Remember that it's critical to keep your imagined scene within the bounds of a faithful reading of the scene. We all have a tendency to "read into" the Bible, trying to make it say something we would like it to say! Keep it real.
Imagination is a powerful thing. It's also a important part of mental prayer, or Christian meditation.
By using our imagination in this way, we can experience the attitudes and dispositions of people who seek Jesus in the Gospel scenes. This is a great help in making these dispositions our own.
Imagining a scene also lets us understand the ways in which our Lord interacts with people. That's important if we, too, are going to interact with him on a daily basis.
Step 3: Consider a specific aspect of the scene
The reason a lot of people get stuck when they try to read the Bible is...
...they don't know where to begin!
This method helps because it gives you some structure:
- You focus on one specific thing at a time
- You draw specific conclusions
- It trains you to look for common types of meaning
- You quickly gain experience and understanding
Limit yourself to looking for one specific aspect of a scene at a time. This is one of the most important skills for reading Scripture!
So... exactly what are these "aspects"?
There are quite a number of them. I don't know if we could even list them all! But here are the main ones that I use:
- Attitudes or dispositions
- Motivation (what motivates people to behave this way?)
- Doctrine (does this scene help us to understand some part of the faith?)
- How to live (what lessons can this tell us about living as Christians?)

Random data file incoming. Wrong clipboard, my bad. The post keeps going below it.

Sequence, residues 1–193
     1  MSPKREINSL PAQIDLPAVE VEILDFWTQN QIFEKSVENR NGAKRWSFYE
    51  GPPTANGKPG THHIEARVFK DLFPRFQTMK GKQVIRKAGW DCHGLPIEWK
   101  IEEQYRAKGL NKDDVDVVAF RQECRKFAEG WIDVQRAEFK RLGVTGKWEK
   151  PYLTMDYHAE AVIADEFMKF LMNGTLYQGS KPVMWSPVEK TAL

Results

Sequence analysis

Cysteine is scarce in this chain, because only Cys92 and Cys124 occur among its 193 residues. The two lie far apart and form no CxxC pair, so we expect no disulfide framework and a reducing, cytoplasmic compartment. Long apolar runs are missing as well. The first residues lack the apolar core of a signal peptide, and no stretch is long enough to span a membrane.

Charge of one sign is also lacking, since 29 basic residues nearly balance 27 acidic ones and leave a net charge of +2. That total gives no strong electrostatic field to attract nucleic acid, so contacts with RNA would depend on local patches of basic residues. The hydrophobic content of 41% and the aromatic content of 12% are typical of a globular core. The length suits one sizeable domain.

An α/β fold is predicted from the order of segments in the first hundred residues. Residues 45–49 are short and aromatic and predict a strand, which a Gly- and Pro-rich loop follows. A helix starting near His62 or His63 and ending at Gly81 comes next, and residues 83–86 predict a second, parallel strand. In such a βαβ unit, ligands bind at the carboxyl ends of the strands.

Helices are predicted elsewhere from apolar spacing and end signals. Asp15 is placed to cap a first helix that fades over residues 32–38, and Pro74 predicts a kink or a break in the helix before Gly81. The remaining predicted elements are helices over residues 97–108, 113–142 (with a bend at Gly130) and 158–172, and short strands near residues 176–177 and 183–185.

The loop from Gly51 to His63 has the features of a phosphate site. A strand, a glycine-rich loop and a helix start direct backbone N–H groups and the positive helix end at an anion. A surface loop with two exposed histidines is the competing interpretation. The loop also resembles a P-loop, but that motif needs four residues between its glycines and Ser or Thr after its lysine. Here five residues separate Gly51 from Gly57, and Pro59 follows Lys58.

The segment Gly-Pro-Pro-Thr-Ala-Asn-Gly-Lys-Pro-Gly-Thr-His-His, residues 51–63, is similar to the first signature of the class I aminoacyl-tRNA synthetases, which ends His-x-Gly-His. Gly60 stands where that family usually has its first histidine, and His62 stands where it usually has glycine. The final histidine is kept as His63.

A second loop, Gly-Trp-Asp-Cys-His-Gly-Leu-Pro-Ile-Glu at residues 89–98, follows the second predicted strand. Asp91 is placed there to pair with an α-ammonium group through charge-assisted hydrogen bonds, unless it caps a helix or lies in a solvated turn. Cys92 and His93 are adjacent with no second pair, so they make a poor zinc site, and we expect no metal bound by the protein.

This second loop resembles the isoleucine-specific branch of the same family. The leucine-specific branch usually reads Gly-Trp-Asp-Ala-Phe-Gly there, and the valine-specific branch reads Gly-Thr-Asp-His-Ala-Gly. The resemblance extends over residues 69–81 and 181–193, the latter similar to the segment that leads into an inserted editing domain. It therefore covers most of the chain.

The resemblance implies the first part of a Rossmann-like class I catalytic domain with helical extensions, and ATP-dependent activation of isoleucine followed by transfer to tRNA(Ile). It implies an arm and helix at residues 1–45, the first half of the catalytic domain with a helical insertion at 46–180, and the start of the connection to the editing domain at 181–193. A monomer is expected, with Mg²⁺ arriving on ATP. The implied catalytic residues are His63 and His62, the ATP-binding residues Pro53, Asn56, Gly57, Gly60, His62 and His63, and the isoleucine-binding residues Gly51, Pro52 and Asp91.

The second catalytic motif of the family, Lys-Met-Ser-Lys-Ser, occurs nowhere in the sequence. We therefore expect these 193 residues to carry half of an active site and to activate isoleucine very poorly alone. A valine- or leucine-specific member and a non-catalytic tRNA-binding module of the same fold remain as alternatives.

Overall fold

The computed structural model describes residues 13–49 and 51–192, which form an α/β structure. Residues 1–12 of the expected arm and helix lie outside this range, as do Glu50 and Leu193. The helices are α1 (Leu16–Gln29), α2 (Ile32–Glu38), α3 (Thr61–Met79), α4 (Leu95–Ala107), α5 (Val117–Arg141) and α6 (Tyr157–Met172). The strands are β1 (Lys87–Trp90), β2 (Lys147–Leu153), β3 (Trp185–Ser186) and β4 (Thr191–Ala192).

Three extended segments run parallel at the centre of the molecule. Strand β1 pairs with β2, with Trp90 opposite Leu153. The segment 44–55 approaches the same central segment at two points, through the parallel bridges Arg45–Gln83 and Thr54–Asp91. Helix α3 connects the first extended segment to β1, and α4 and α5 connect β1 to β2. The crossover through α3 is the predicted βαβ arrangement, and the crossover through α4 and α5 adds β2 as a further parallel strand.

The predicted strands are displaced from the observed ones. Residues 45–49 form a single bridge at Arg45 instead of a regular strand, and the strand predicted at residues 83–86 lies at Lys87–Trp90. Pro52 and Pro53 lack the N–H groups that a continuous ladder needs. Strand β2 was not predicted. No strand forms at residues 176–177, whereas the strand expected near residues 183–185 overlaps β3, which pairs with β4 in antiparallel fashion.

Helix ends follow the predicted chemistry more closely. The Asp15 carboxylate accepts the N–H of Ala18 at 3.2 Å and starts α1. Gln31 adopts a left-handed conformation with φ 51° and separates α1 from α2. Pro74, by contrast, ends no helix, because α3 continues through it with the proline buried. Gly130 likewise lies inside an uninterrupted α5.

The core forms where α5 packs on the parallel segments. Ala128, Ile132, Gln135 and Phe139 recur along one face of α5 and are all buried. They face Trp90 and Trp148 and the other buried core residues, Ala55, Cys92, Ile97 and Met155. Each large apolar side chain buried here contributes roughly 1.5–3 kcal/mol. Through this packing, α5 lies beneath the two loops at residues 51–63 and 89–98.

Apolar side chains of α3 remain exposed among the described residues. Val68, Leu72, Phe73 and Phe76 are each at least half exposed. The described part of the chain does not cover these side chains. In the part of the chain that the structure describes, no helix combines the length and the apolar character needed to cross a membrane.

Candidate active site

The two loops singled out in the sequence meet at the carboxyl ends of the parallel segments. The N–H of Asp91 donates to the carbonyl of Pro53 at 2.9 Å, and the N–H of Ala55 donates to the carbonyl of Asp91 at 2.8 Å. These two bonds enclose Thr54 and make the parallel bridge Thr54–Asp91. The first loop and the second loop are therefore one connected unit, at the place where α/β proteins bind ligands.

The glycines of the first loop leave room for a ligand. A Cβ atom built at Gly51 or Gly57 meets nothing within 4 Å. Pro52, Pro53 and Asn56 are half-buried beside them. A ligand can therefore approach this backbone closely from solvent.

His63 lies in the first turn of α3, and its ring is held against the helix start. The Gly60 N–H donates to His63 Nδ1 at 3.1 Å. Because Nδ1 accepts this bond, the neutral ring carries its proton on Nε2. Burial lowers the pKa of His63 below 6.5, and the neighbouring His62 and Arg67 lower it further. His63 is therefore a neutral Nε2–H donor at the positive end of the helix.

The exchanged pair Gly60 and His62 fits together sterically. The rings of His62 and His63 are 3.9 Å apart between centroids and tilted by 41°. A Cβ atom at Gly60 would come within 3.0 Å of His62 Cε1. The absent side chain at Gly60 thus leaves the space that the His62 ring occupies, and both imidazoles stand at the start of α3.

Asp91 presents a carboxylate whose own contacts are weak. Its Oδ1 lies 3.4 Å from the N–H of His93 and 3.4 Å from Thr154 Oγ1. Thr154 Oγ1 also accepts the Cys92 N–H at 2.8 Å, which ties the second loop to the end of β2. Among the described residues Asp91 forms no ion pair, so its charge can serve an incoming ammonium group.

- What is God like? (Characteristics)
- How does God act in the world?
- Environment (what are the surroundings & context? How does this influence the other aspects?)
For most of these, it's important to consider both what is done, and what is not done. For example, the fact that Jesus does not get angry with someone is an important point to note about his attitude in many scenes.
Of course, we consider each aspect for a purpose...
Step 4: Draw conclusions
When you look at a Bible passage with one specific aspect in mind, you should draw specific conclusions. The conclusions will be related to that aspect of meaning.
Make the conclusions:
- Grounded in Scripture
Your goal here is to have a specific idea that you can use to reason about the faith. This is called a proposition in logic — a fact or point that you can use in your reasoning process.
You want to move beyond thinking, "Gee, this is a nice passage," and into thinking exactly how you can learn from the passage.
You want to learn...
...how it can change your life!
Here are examples of good, specific conclusions:
- Jesus offers mercy to everyone, without exception.
- Christ tells us to avoid sin at all cost.
- Humility is an essential disposition for coming to Christ.
Conclusions like these give you a solid foundation for your faith. You simply must have that foundation to advance in the spiritual life.
And now you have all that's needed to form specific conclusions like those from Scripture!
After considering one aspect of a passage, you just repeat the same process again for another aspect.
Keep going until you've gotten everything you can from that passage, or until you're out of time.
This method of reading Scripture really works!
Like anything new, it may feel awkward the first couple of times. But very quickly, it'll become second nature. Then you'll be able to unlock the enormous treasure stored in the Bible.
So give it a good try!
To help you get started, I've put together some extensive examples of using this method. They're in the article Learn About Jesus in Scripture. And of course, Fr. Basset's book Following Christ Through The Gospels is a detailed, step-by-step guide to praying through more than 200 Gospel passages.
And finally, we have a free eBook called How To Read The Parables to help you unlock the many parables in the Gospels. How To Read The Parables is written by a renowned Scripture scholar, and it's invaluable for learning to understand the parables.
So what are you waiting for?